Pushing manufacturers and consumers toward more environmentally friendly appliances is commonly seen as a win-win situation, consumers save money on their energy bills and the UK is able to meet its energy targets. However, has what seems like large shifts in energy efficiency awareness and purchasing actually had a meaningful impact on the UK’s energy use?
Certainly the introduction of the EU labelling scheme, redesigned in 2010, has made consumers more environmentally conscious when making purchasing decisions, by making energy consumption figures an obvious part of the buying process manufacturers have had to focus efforts on cutting energy consumption of their products. This shift into making energy consumption figures part of the selling process has led to innovations within each product sector. The majority of manufacturers have now fully embraced the energy efficiency push and are producing models which are more energy efficient than ever. Official figures show that the introduction of energy ratings has resulted in the market for home appliances shifting toward more energy efficient models. The issue however is that energy consumption figures from the Department of Energy and Climate Change show that there hasn’t been a significant reduction in energy use since 1990, in fact in 2009 we used more energy in our homes than we did in 1996. Why is this?
One reason is about the numbers, or more specifically the number of appliances in use, the appliances we are buying are becoming more efficient but we’re using more of them than before, both effects cancelling each other out. The increase in consumer electronics highlights the meteoric rise in prominence that electronics have experienced within our lives. In 2000 just 9,180,000 set top boxes were in use in the UK, by 2011 that figure had risen to 33,952,000, the decade before 2000 had seen the number rise by only 8,000,000 units. Our life has become increasing dominated by electronics, a ‘technology’ world has meant the work a TV once did has been superseded by smart devices which can access hundreds of digital channels, connect to on-demand services and record thousands of programmes on in-built storage. As these technologies have progressed they’ve become more affordable and now more households than ever find it within their budget to have a TV, set top box and speaker system for the simple act of watching television. As TV’s have become cheaper they’ve also become bigger, the previous generation technology limited the size of screens because of bulkiness but now TV’s over 40″ are becoming the norm, couple this with more aggressive update cycles, technology now becomes outdated sooner than ever before, and it’s easy to see why we have more appliances than ever. This can be seen in other sectors of the appliance industry, innovations in product sectors is a direct result of consumer demand and means the ‘latest’ appliance is soon superseded by more efficient technology. This change has given us access to less demanding and we are able to spend less time on chores than ever before, we benefit form technology which wouldn’t have been dreamt of 20 years ago, however this great change has also made us bigger consumers of electronics than before.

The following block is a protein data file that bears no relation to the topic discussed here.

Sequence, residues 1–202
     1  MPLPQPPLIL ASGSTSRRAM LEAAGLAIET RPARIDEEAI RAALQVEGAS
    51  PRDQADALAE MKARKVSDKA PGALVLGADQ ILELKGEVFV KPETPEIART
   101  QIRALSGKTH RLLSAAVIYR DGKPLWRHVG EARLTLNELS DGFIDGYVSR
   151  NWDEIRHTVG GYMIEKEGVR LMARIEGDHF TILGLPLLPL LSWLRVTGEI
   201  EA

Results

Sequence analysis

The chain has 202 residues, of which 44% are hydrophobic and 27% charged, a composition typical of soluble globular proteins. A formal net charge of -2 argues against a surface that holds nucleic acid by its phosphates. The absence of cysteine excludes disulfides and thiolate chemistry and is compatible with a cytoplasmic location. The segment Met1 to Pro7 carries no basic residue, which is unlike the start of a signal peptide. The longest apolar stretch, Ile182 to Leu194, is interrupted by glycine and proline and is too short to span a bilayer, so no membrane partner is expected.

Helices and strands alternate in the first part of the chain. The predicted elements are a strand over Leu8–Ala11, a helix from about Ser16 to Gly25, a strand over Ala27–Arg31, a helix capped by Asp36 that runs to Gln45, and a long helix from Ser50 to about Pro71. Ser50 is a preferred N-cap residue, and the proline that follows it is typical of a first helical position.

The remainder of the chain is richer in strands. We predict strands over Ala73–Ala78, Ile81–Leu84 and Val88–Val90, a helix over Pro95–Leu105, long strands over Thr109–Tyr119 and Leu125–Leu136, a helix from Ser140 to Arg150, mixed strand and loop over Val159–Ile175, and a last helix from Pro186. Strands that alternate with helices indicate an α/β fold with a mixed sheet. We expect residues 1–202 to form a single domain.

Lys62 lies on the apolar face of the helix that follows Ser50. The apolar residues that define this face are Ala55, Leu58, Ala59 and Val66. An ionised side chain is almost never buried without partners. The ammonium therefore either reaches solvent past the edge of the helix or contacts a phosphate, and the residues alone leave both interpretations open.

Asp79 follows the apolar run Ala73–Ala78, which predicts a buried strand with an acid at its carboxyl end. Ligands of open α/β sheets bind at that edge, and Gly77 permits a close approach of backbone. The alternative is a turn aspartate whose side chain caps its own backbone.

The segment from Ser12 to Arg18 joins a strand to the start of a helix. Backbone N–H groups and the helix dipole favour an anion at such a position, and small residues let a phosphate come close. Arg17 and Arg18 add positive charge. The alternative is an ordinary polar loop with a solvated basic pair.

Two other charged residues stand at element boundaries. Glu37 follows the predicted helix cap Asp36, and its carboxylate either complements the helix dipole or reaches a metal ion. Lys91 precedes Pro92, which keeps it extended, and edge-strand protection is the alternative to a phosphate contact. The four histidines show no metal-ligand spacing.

This increase in appliances can also be linked to the fall in household sizes, in 2001 28.6% of household were just one person, by 2011 this had grown to 29.4%. Every household requires appliances and hence every the number of appliances needed has risen to service the growing need for appliances in every household. This trend is only likely to continue in the near future and hence we can expect to see increases in the number of appliances required also occur.
The data may seem to point toward a failure of the energy labelling system and energy efficiency changes within the industry but it’s more complex than that, the changes in our consumption habits and the structure of society have taken place at a quicker rate than the speed of development within the industry, in fact the work toward energy efficiency can be considered a resounding success when looking at how quickly energy efficient appliances have been adopted. In 2009 the total stock of A++ fridge freezers was just 6,000, by 2011 this had risen to 43,000, the changes in the market have shown the effect of putting the energy consumption figures at the forefront of the purchasing decision.
The effect on energy consumption in appliances is clear, chest freezers have seen their average energy use fall by 65% since 1990 and that trend continues for the majority of the appliance sector, one notable exception being tumble dryers which, on average have actually increased their energy use. Choosing to purchase the most energy efficient appliance has never been more important, we continue to move toward a substantial shift in ownership and household trends and unless changes occur soon to reverse these trends the importance of choosing energy efficient appliances cannot be overstated.
The kitchen is a large consumer of electricity, the sheer number of appliances used for cooking, washing and laundry means the kitchen offers plenty of opportunities to save on your energy bill. Choosing to purchase energy efficient appliances means you’ll save money alongside saving the environment, an equally important point to note is to choose appliances that fit your needs, purchasing a large fridge-freezer for a single person household will result in wasted energy and unnecessary cost, therefore it’s important to select appliances that fit your actual needs as well as providing strong environmental performance. Elsewhere in the house there exists potential for more savings by choosing the best rated appliances, or use standby saving devices to save energy with your current appliances. It’s more critical than ever that we choose to place environmental performance at the heart of our purchasing decisions.